First scene: 1973.[footnote This text was written on the occasion of
Deleuze’s death in 1995.] I begin a friendship with Gilles Deleuze, whose seminars I have been attending over the past two years or so. With his mischievous humor, he insists on saying that he, and not Félix Guattari (with whom I am undergoing analysis at the time) is my schizoanalyst. He proposes that we work together, offering me a gift and a theme: an LP with Alban Berg’s opera Lulu and a suggestion to compare the death cries of Lulu, its lead character, with those of Maria, a character in Wozzeck, another opera by the same composer.
Berg’s Lulu—already impregnated by the image of Louise Brooks, who played the protagonist in G.W. Pabst’s beautiful film—is an exuberant and seductive woman whose attraction to many kinds of worlds sets her off on a life of experimental drift. On one such adventure, her vitality suffers the impact of reactive forces that cause her to leave her country. In the miserable cold of a Christmas night in her town of exile, Lulu hits the streets to make some money. In the anonymity of hustling, she meets none other than Jack the Ripper, who inevitably attempts to kill her. Foreseeing her death in the image of her face reflected on the blade pointed in her direction, she lets out a piercing cry. The timbre of her voice has a strange force that startles the Ripper to the point that, for a few seconds, he hesitates. We too are hit by this strange force, transported by it—the pain of a vigorous life that does not want to be taken resonates in our bodies. On the other hand, Maria, the woman from Berg’s opera Wozzeck, is the gray wife of a soldier. Her death cry is almost inaudible, it blurs with the aural landscape. The timbre of her voice conveys the pale pain of an inane life, as if to die were the same as to live. Lulu’s cry vitalizes us, despite, and paradoxically because of, the intensity of her pain. Maria’s cry drags us into a kind of melancholy that tinges the world with monotonous dullness.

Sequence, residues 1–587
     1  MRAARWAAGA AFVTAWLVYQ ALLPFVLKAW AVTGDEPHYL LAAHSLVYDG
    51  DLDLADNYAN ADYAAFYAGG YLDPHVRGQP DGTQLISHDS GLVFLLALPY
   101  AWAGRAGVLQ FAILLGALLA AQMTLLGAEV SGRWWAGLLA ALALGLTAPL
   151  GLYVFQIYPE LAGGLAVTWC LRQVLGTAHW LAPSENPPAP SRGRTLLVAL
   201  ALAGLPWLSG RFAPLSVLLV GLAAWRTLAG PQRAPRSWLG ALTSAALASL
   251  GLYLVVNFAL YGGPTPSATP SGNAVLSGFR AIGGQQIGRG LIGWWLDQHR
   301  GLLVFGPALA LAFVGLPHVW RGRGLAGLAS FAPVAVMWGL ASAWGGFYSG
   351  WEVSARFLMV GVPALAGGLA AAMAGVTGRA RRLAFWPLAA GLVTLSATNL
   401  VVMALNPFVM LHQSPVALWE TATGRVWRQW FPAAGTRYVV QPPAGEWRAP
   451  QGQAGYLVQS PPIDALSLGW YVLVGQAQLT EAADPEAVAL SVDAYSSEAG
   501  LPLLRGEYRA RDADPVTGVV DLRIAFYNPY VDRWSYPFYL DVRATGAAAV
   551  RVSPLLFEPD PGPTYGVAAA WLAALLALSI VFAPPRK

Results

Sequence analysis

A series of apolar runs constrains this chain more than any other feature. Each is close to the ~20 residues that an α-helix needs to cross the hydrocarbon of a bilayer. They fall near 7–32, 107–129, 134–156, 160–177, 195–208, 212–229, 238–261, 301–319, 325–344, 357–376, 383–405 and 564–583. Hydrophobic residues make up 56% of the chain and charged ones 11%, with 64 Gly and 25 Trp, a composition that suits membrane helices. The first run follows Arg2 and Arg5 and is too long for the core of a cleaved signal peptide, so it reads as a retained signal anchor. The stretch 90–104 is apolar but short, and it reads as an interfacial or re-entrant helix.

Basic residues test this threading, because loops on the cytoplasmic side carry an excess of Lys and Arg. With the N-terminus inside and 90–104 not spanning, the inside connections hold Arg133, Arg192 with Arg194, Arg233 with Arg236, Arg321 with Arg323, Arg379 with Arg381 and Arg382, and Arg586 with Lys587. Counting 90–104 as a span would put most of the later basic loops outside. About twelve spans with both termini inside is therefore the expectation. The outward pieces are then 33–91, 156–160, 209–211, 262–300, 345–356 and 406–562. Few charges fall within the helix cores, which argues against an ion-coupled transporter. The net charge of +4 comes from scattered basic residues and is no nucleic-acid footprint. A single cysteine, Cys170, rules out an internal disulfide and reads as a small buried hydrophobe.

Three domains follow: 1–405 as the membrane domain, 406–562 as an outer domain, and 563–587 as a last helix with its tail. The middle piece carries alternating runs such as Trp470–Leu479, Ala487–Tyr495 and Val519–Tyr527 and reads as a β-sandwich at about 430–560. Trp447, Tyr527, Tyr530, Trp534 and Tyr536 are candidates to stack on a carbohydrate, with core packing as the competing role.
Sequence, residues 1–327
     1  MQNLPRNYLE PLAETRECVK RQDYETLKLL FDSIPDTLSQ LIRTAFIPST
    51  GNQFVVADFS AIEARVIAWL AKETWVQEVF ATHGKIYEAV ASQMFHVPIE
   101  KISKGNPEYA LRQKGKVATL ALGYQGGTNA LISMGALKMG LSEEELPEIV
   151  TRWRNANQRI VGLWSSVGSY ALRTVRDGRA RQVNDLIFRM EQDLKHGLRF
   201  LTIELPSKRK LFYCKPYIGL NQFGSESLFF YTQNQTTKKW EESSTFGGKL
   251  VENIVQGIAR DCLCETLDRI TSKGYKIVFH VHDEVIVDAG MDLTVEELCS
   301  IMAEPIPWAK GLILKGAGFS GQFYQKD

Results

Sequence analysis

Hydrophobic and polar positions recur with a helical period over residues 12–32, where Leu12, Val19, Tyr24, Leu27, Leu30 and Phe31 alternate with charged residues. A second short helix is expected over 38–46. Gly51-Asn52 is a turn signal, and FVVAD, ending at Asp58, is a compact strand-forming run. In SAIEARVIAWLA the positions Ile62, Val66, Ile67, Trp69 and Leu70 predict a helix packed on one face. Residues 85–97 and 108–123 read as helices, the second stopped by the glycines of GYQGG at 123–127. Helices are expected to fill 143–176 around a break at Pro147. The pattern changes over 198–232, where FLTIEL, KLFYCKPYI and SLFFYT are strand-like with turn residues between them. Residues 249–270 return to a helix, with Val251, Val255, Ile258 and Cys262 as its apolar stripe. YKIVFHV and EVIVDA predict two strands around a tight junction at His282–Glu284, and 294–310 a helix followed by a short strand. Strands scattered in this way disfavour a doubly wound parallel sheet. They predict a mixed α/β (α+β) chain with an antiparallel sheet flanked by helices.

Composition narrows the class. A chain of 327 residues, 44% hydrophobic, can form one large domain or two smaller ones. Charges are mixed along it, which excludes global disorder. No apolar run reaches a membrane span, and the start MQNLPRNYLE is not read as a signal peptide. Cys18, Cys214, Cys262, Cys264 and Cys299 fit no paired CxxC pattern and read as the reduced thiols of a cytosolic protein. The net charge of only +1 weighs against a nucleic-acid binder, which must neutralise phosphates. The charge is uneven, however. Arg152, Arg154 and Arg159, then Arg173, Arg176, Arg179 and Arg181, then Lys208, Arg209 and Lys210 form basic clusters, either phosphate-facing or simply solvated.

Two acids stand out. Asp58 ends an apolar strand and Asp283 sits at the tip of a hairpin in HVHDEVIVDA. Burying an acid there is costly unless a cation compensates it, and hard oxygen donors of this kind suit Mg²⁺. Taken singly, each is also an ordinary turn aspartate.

Second scene: 1978. The setting is one of the Saturday afternoon singing lessons I have been taking along with two friends. The teacher is Tamia, whose repertoire is contemporary music and free jazz, an effervescent current within the Parisian 1970s. On this particular day, to our surprise, she asks each of us to choose a song to work with.
The song that occurs to me is one of the many Tropicalismo songs I learned in Brazil.[footnote Tropicalism was a cultural movement of the late 1960s, which revolutionized
popular Brazilian music, then dominated by the aesthetics of Bossa Nova, by
making use of derision, irreverence, and improvisation. Spearheaded by musicians
such as Caetano Veloso and Gilberto Gil (the current Minister of Culture in Lula’s government), Tropicalism reactivated
the ideas found in Oswald de Andrade’s “Anthropophagic Manifesto”—particularly the way in which elements of foreign culture are
included and fused with Brazilian culture, mixing fragments of erudite, popular, and mass culture, without any reverence for
dominant hierarchies. Tropicalism manifested itself in other artistic realms as
well, such as the Oficina Theatre, directed by José Celso Martinez Corrêa,
which staged Oswald de Andrade’s play O
Rei da Vela (1967), among others. Indeed the very name of the movement
comes from visual artist Hélio Oiticica’s 1965 installation Tropicália. The movement was brutally interrupted
in December 1968, when the Fifth Institutional Act (AI-5) was decreed by
Brazil’s military dictatorship, allowing for any action or attitude considered
subversive to be punished with imprisonment without recourse to habeas corpus.
Caetano and Gil were sent to prison and subsequently freed only on the
condition that they leave the country. They went into exile in England in 1969.] As musical expressions of the intense movement of cultural and existential creation Brazil had seen at the end of the 1960s, the movement marked a period whose brutal interruption by the military regime had been the reason for my exile in Paris.[footnote A dictatorship came to power in Brazil in 1964
by means of a military coup. The regime became much more rigid and violent from
1968 onwards. A succession of generals remained in power until 1985, and the
first direct presidential elections were held in 1989.] “Cantar como um passarinho…” as Gal Costa sang it, with the soft and tender timbre of her interpretations.[footnote Tuzé de Abreu, “Passarinho,” recorded by Gal
Costa in India (Phonogram, 1973). The lyrics are “Cantar como um passarinho de
manhã cedinho... lá na galha do arvoredo, na beira do rio … abre as asas
passarinho que eu quero voar … me leva na janela da menina que eu quero cantar…”
(“To sing like a little bird early in the morning … up in the branches of the
trees by the river bank … open your wings, little bird, ‘cause I want to fly … take
me to the girl’s window, ‘cause I want to sing ….”). The Brazilian singer Gal
Costa was part of a group of friends from Santo Amaro (Bahia, in the Northeast
of Brazil) that included Caetano Veloso and Maria Bethânia. In the 1960s, they
formed an important element of the Tropicalist movement’s driving forces.]
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